It's been a big year for Laurie Metcalf! The 62-year-old actress is back as Jackie Harris on the Roseanne revival set to air next year, and is earning Oscar buzz for her role in Lady Bird.
ET's Lauren Zima caught up with Metcalf at the Garry Marshall Theatre's First Annual Founders Gala in Burbank, California, on Monday, where she dished all about her exciting times ahead.
"We had a table read [for Roseanne] today! This morning of episode number five [and] six, and they added one so we'll do nine instead of eight [episodes] which is fun to hear!" she revealed. "Everyone is really surprised at how it feels like no time has passed at all even though decades -- I hate to say -- have gone by."
"I guess it's like riding a bike, you know? We spent so much time together, nine years together. and the writers are writing very true to the characters, so it's like we picked up right where we left off," she added.
The characters, the set and the humor may be the same, but according to Metcalf, the revival season will be much more "political."
"It's a bit political at times, because you can't ignore that," she shared. "But it stays true to the earlier version, where it's mostly about the family and little incidents. It's really nostalgic that way."
As for her new project, Lady Bird, Metcalf admitted it was "bizarre" to heard awards talk surrounding her performance.
"It was a little independent movie... and I read it and I wanted to work with Greta Gerwig and Scott Ruden and Saoirse Ronan, and it was just one of those movies that took off," she said. "Everybody relates to it in a different way, and I think it has become really moving to a lot of people."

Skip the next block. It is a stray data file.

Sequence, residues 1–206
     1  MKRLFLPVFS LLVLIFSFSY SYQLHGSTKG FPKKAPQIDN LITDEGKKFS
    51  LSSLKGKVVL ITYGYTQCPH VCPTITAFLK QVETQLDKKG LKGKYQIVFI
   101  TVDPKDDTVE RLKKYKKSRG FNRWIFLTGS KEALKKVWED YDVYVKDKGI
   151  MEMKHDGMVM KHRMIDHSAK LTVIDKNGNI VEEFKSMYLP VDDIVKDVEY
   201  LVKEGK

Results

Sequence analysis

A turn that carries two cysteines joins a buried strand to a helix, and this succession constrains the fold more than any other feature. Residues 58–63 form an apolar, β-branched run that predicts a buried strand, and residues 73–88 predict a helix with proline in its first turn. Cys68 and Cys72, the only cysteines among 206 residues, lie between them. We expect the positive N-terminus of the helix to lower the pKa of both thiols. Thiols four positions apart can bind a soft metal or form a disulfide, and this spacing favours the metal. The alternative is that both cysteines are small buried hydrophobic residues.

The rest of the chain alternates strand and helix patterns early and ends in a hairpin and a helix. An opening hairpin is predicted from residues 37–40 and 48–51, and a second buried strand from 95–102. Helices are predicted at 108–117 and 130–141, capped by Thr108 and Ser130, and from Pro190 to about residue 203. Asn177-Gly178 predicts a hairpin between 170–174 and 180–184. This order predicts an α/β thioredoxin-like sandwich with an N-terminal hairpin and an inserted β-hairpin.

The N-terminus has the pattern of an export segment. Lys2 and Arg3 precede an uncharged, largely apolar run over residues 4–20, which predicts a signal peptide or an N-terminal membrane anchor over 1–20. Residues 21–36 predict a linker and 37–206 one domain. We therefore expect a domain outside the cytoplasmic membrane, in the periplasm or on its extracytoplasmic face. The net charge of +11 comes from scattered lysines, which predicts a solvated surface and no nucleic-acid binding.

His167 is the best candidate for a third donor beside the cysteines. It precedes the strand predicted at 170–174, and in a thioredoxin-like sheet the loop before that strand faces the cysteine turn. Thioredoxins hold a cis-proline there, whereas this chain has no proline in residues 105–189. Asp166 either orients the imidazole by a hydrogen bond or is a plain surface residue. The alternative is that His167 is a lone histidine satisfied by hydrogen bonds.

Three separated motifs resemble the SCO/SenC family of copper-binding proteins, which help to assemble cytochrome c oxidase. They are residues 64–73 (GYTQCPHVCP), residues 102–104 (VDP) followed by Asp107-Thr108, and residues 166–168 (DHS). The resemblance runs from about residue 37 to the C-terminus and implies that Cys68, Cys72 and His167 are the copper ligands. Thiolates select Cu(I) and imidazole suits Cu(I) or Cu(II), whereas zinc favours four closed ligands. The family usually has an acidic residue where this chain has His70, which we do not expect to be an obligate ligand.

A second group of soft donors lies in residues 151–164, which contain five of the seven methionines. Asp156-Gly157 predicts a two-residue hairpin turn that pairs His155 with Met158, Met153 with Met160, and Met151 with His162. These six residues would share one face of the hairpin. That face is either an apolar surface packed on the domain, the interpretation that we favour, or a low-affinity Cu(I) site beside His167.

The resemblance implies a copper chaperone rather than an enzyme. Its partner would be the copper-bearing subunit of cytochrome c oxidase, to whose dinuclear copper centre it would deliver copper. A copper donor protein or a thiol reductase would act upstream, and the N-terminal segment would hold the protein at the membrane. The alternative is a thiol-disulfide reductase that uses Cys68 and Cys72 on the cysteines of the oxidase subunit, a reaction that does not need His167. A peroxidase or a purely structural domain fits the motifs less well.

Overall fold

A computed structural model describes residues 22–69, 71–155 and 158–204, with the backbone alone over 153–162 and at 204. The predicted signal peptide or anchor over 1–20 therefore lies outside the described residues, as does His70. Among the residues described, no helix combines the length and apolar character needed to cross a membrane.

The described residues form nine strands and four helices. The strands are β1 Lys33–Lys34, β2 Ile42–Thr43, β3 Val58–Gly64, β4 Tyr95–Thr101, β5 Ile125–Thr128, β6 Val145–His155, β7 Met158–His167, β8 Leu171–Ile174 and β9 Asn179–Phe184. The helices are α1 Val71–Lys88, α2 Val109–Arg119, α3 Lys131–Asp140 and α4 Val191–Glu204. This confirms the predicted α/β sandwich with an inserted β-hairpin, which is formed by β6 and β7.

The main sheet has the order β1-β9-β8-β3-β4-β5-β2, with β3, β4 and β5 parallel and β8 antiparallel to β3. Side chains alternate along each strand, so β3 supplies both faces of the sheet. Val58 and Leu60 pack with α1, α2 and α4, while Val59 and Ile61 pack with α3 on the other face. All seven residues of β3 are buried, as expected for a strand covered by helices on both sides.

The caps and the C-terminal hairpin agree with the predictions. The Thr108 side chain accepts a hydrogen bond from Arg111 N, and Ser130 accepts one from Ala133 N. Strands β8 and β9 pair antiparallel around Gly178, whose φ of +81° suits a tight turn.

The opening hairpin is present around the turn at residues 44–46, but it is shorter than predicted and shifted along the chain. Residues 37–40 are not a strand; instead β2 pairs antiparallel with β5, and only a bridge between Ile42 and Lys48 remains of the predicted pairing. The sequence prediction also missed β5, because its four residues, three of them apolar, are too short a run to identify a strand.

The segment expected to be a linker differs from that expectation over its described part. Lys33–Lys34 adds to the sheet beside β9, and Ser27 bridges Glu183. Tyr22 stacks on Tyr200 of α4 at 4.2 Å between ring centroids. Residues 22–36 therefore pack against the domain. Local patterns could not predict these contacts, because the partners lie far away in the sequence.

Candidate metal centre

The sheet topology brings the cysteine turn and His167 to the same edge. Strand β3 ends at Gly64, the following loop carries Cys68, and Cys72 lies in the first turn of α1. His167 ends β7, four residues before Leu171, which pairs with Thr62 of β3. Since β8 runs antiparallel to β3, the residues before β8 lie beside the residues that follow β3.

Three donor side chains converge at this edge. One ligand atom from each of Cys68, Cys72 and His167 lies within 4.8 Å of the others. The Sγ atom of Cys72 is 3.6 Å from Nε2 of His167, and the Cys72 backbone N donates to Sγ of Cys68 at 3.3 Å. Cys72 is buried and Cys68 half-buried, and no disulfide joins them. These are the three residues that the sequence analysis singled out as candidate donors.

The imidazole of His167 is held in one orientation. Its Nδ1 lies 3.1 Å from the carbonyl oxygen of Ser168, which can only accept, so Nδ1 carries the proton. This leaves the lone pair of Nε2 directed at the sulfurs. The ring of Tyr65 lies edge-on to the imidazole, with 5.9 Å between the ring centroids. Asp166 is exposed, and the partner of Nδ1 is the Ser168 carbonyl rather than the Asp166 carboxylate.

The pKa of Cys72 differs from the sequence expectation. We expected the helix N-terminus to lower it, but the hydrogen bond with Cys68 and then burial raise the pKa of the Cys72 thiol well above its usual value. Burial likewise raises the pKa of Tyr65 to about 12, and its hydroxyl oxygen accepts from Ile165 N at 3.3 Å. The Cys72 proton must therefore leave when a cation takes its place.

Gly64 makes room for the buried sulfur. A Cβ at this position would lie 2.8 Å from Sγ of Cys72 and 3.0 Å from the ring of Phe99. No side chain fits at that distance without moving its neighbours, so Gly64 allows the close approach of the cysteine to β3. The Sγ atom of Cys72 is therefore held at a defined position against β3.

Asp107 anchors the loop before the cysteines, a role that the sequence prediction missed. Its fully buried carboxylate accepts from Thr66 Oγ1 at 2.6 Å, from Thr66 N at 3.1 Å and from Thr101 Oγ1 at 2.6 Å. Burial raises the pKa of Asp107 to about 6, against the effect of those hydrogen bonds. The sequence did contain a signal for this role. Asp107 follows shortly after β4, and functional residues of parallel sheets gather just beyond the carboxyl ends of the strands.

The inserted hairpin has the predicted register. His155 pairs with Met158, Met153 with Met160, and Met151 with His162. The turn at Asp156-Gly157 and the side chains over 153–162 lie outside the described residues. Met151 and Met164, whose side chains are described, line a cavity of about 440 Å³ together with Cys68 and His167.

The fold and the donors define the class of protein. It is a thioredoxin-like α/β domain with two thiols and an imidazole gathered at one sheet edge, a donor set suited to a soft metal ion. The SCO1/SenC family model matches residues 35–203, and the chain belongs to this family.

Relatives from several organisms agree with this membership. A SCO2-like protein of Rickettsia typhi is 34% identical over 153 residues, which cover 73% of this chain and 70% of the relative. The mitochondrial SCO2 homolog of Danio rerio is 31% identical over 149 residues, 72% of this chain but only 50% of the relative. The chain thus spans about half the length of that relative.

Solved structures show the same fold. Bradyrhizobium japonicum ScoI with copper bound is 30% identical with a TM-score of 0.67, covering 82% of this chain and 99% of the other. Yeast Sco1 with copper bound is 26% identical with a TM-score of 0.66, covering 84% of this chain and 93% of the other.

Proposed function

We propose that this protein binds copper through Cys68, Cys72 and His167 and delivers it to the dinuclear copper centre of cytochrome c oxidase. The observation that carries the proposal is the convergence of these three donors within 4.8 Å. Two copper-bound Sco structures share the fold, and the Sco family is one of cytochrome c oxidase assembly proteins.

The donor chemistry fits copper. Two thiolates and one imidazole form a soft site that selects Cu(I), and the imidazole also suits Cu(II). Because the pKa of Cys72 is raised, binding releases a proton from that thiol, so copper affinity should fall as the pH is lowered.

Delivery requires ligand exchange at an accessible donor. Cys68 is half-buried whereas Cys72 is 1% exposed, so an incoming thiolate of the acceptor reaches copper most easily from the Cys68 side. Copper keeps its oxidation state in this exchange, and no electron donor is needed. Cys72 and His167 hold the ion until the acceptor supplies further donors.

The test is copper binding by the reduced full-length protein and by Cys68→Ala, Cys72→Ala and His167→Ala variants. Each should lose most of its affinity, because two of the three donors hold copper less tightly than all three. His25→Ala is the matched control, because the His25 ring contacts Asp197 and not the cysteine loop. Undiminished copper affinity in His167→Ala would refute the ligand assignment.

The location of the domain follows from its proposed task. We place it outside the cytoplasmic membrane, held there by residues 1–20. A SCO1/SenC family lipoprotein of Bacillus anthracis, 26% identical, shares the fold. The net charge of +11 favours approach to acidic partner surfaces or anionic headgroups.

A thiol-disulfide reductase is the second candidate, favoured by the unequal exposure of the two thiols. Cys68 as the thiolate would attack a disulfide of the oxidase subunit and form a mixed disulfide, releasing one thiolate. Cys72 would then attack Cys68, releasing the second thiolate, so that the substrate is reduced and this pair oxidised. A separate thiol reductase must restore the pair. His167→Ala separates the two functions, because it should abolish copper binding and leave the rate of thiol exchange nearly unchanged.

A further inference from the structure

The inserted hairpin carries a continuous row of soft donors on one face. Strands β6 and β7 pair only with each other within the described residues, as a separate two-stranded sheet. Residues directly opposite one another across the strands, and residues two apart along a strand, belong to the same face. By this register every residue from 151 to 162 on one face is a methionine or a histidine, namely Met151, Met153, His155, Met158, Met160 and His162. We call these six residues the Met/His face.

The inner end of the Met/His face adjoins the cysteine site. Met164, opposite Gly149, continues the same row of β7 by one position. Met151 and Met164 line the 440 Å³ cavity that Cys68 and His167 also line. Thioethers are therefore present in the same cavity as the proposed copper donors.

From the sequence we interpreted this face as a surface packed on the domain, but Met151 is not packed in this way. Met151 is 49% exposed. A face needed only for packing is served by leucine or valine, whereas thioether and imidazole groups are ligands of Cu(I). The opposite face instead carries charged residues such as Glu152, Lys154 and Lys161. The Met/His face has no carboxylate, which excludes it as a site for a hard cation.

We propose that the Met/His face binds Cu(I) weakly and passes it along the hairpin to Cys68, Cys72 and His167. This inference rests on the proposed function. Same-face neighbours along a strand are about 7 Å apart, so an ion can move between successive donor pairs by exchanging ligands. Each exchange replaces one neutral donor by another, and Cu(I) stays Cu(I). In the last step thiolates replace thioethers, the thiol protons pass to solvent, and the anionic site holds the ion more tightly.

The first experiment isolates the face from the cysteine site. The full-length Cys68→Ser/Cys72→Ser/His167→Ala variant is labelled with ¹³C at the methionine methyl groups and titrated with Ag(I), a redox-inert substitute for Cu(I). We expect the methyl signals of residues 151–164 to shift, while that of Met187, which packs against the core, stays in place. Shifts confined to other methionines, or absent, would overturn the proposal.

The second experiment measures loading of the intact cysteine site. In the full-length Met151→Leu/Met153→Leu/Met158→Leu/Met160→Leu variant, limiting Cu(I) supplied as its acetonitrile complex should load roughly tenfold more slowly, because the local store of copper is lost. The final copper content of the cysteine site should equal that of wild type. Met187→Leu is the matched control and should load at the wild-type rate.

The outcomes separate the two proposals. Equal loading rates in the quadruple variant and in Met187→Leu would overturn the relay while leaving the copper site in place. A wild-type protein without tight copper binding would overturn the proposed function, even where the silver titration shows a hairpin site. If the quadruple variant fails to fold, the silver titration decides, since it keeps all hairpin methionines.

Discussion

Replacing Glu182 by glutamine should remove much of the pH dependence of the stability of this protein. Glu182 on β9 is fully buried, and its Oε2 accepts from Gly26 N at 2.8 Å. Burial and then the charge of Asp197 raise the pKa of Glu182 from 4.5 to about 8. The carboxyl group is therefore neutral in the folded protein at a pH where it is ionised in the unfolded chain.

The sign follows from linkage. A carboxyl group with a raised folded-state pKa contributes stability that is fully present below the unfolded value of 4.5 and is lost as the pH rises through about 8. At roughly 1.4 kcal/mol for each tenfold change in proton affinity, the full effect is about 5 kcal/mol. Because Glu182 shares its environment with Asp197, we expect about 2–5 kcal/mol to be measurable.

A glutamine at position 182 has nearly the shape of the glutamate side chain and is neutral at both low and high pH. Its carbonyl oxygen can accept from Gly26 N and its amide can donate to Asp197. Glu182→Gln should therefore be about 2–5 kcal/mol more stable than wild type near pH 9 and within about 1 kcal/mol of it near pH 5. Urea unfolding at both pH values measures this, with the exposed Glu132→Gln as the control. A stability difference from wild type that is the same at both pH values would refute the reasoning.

"Surreal is the word," she said of a possible Oscar nomination. "I've only done a handful of movies, and it's sort of a different world for me; I've been doing a lot of theater. But the best part of it always is to be recognized by peers and to be proud of the project that you were in, and to work with people that you respect and you get better by being paired with."
One of Metcalf's earliest films was Dear God, directed by Garry Marshall, whom she was honoring on Monday.
"That was fun, because I got to be on set with him every day," she remembered. "[All of his movies] are so heartfelt, all of them. And so funny, and so well cast at the time."
"It's his birthday, but it's great to see his close family, who have been like a family to me. The actor he's put in all of his movies, he was always so loyal to everybody he worked with," she expressed, tearing up. "He was just a great friend, just a wonderful person, wonderful guy, and everybody from here to there will tell you the same thing."